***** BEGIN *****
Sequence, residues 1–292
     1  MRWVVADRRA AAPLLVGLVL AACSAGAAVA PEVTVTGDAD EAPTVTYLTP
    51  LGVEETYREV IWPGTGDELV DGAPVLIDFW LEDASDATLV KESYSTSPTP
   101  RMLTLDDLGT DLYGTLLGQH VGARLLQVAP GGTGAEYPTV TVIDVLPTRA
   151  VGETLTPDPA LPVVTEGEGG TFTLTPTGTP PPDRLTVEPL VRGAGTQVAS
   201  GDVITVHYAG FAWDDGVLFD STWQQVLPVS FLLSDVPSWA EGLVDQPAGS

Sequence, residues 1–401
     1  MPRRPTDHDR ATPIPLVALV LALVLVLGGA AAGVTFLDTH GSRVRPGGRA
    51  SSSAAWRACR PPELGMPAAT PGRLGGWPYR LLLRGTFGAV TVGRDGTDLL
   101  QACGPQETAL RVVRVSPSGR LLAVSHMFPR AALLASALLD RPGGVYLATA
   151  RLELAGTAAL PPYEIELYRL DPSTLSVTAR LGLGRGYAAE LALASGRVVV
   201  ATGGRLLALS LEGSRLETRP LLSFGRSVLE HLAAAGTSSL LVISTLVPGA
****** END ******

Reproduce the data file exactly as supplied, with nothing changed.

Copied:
Sequence, residues 1–292
     1  MRWVVADRRA AAPLLVGLVL AACSAGAAVA PEVTVTGDAD EAPTVTYLTP
    51  LGVEETYREV IWPGTGDELV DGAPVLIDFW LEDASDATLV KESYSTSPTP
   101  RMLTLDDLGT DLYGTLLGQH VGARLLQVAP GGTGAEYPTV TVIDVLPTRA
   151  VGETLTPDPA LPVVTEGEGG TFTLTPTGTP PPDRLTVEPL VRGAGTQVAS
   201  GDVITVHYAG FAWDDGVLFD STWQQVLPVS FLLSDVPSWA EGLVDQPAGS

Sequence, residues 1–401
     1  MPRRPTDHDR ATPIPLVALV LALVLVLGGA AAGVTFLDTH GSRVRPGGRA
    51  SSSAAWRACR PPELGMPAAT PGRLGGWPYR LLLRGTFGAV TVGRDGTDLL
   101  QACGPQETAL RVVRVSPSGR LLAVSHMFPR AALLASALLD RPGGVYLATA
   151  RLELAGTAAL PPYEIELYRL DPSTLSVTAR LGLGRGYAAE LALASGRVVV
   201  ATGGRLLALS LEGSRLETRP LLSFGRSVLE HLAAAGTSSL LVISTLVPGA